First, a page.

2. Interesting Russian Nonverbal Gestures

Russian Hand Gestures

Here’s a comprehensive list of some Russian nonverbal signals you may encounter or need to use while in Russia. Please, keep in mind to use these body gestures of Russian people only in informal situations.

1- Fig

Fig Gesture

How to do it. Put your thumb between your index finger and middle finger and form a fist. Stretch your hand forward with this fist and show it to the other person. You can twist it a little for more emphasis.

What it means. This hand gesture in Russia is very popular and is basically a rude way of saying “You get nothing.” It’s rarely used in real life—except by grannies and granddads—but you’ll see a lot of it in movies and television series. This gesture can go by a variety of names: кукиш (kukish), шиш (shish), фиг (fig), or дуля (dulya). These four words are synonyms. Nowadays the words кукиш (kukish), дуля (dulya), and шиш (shish) are rarely used in speech.

The word фиг (fig) is used a lot in informal situations, but sometimes it loses its actual meaning. Let’s see some examples of how this Russian gesture can be used.

  • Фиг тебе (Fig tebe)—“I won’t give it to you”.
  • This has a slightly rude meaning, though it’s often used between friends or others who are close and isn’t considered rude under those circumstances. Фиг (fig) replaces the name of the object that the person refuses to give. Instead, he gives fig (fig), which equates to nothing. This can also be shortened to Фиг те (Fig te), both in speaking and informal messaging. If you want to learn more about Russian text abbreviations, check out our article.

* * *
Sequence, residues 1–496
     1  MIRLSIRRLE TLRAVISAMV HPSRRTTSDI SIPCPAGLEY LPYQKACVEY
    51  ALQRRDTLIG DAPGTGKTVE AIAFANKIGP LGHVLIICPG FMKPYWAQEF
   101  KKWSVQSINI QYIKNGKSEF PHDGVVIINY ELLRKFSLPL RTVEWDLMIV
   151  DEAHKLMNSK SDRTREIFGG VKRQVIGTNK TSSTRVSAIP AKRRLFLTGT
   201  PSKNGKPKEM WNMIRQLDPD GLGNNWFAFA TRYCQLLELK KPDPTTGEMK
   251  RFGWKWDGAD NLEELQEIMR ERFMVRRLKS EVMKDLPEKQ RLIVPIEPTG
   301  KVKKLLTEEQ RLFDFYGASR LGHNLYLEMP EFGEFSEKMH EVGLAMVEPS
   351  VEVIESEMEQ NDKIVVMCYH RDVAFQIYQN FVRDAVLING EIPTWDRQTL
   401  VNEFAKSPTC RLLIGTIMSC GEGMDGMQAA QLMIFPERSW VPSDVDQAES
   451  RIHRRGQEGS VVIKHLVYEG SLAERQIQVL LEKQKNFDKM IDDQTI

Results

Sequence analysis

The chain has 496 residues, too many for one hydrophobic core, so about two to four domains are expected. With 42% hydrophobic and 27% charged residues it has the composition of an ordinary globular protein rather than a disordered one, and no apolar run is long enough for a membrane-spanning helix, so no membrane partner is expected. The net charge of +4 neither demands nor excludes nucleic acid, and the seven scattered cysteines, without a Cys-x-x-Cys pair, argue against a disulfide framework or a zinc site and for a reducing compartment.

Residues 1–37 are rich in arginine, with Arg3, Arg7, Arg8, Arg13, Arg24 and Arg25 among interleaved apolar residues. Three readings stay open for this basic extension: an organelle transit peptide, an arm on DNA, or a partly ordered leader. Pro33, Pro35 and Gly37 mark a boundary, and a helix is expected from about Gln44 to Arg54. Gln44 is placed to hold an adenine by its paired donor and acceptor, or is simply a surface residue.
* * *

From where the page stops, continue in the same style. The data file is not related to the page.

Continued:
• Миша, дай мне шоколадку. (Misha, day mne shokoladku.) “Misha, give me the chocolate.”
    • Фиг тебе. (Fig tebe.) “Nope.”

    This phrase is often used in a teasing sense before smiling and actually giving the object requested.

  • Фига себе (Figa sebe)—“Wow”
  • It’s usually used to express strong feelings about something that you’ve just experienced. You can use this phrase for both good and bad news. After that, you can add a noun or a sentence to go more into detail about what your strong feelings are about. For example:

    • Фига себе, погода. (Figa sebe, pogoda.)—“Wow, the weather.”
    • Фига себе, ты крутой. (Figa sebe, ty krutoy.)—“Wow, you are really cool.” Be aware that it can be said sarcastically.
    • Фига себе, как дорого! (Figa sebe, kak dorogo!)—“Wow, so expensive!”

    This phrase can be shortened to Фига (Figa). If the person you’re talking to tells you that he/she did something unexpected, you can also react to that by adding ты (ty) meaning “you” after фига (figa), making it Фига ты (Figa ty). After Фига (Figa) and Фига ты (Figa ty) you can also add extra information about why you’re surprised: